Question: Give us an idea of the scope and volume of work that went into preparing the IPCC report.

Answer: Ninety one authors worked for 18 months to write it. We reviewed more than 6,000 studies and discussed and debated nearly every finding in each of them. There were six meetings, most of which lasted at least a week. As co-lead author of one of the report’s five chapters, I also collaborated on a nearly daily basis with the other 12 authors in my chapter, and worked fairly regularly with many of the authors from the other chapters to coordinate what we were doing.

After our draft went out for review, we had to respond in writing to each and every one of the roughly 42,000 comments the report generated, which included thousands of comments on my chapter alone. It was a huge undertaking, involving countless hours of work and lots of late nights and weekends.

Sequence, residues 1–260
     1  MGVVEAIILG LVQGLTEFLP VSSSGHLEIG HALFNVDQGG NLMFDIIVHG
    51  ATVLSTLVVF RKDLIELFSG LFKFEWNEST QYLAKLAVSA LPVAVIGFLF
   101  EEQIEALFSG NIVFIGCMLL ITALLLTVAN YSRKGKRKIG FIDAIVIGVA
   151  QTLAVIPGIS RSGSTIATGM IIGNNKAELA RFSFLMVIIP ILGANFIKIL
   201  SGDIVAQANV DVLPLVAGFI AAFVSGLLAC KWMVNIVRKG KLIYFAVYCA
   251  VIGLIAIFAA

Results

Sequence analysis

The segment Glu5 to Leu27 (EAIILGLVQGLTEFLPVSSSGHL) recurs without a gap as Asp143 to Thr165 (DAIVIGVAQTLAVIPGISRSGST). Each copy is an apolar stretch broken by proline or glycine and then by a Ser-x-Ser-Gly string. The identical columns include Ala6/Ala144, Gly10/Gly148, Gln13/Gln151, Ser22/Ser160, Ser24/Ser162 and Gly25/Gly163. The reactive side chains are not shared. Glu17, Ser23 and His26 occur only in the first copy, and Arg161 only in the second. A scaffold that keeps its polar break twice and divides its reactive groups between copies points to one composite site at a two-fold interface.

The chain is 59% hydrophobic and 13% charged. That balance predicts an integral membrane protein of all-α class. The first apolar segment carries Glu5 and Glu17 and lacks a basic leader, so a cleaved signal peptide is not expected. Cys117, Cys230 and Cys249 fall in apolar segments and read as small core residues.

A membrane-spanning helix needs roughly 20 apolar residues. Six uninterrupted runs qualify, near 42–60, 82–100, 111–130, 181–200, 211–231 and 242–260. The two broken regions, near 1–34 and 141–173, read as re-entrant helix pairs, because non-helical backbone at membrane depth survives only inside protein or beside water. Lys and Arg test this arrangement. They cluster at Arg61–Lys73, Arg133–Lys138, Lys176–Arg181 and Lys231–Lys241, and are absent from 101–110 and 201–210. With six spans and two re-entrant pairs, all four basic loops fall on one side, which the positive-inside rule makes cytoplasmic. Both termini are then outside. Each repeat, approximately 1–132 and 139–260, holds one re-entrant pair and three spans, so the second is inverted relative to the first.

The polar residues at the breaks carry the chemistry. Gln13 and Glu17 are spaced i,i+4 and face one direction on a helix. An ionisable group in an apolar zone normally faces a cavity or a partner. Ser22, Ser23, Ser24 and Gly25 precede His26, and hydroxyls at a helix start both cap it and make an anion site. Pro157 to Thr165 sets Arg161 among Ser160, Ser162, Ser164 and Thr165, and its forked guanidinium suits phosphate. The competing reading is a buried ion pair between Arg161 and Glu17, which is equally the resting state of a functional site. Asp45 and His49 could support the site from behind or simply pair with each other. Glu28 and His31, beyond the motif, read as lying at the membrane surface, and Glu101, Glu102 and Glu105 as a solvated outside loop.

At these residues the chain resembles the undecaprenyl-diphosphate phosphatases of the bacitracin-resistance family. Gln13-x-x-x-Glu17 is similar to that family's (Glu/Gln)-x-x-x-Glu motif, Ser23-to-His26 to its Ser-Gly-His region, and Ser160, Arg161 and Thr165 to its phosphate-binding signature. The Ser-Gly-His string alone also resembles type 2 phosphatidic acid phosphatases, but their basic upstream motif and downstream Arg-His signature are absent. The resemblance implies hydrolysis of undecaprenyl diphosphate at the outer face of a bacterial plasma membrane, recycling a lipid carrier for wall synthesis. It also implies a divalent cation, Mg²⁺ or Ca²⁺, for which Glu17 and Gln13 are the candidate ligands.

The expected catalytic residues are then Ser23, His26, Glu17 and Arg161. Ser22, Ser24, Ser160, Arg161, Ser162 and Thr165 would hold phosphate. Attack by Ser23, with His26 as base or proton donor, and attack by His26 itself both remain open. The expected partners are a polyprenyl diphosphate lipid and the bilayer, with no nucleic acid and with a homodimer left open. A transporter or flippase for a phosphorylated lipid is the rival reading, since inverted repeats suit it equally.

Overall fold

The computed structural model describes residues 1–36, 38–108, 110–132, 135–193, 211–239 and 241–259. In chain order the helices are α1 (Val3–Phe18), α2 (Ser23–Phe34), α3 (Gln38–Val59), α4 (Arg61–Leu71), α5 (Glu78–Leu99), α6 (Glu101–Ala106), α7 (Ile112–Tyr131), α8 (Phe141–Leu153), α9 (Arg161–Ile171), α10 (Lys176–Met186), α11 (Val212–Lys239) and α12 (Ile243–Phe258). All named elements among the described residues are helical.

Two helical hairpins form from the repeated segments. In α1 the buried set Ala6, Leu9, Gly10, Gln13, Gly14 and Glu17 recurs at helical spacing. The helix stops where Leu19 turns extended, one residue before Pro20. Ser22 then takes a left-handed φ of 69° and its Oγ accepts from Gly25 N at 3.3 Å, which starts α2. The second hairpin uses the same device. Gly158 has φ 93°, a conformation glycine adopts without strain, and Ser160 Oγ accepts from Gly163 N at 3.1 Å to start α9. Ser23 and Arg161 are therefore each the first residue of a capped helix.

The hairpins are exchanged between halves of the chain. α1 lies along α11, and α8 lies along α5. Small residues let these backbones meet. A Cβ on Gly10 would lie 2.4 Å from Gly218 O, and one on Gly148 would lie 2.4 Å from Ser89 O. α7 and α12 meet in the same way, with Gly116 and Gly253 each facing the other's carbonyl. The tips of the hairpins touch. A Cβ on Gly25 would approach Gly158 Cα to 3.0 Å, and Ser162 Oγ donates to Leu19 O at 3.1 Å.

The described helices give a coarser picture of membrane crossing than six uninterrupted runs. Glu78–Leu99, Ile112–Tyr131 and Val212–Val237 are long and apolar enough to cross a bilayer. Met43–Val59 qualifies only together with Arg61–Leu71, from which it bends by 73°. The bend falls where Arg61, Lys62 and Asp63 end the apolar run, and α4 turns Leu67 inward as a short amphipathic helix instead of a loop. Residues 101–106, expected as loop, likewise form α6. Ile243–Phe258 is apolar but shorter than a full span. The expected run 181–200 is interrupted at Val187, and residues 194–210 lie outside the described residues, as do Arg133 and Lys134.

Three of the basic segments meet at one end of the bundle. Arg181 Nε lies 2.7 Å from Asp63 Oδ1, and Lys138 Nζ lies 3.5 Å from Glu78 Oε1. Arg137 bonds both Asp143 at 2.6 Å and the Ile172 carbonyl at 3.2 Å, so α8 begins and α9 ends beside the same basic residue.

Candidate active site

Question: In your opinion, what is the report’s main takeaway?

Answer: I think we make it crystal clear that we are essentially out of time. We need to start drastically decarbonizing immediately to stay below the 1.5°C threshold, and even if we start now it’ll be very challenging. We have to phase out fossil fuels, improve land management and reduce emissions of other gases like methane to have any chance of avoiding the damages that occur with warming greater than 1.5°C above pre-industrial levels.

The fact that we already are getting so close to 1.5°C allowed us to draw much stronger conclusions than in prior reports—especially about the speed and type of mitigations needed to stay below that target.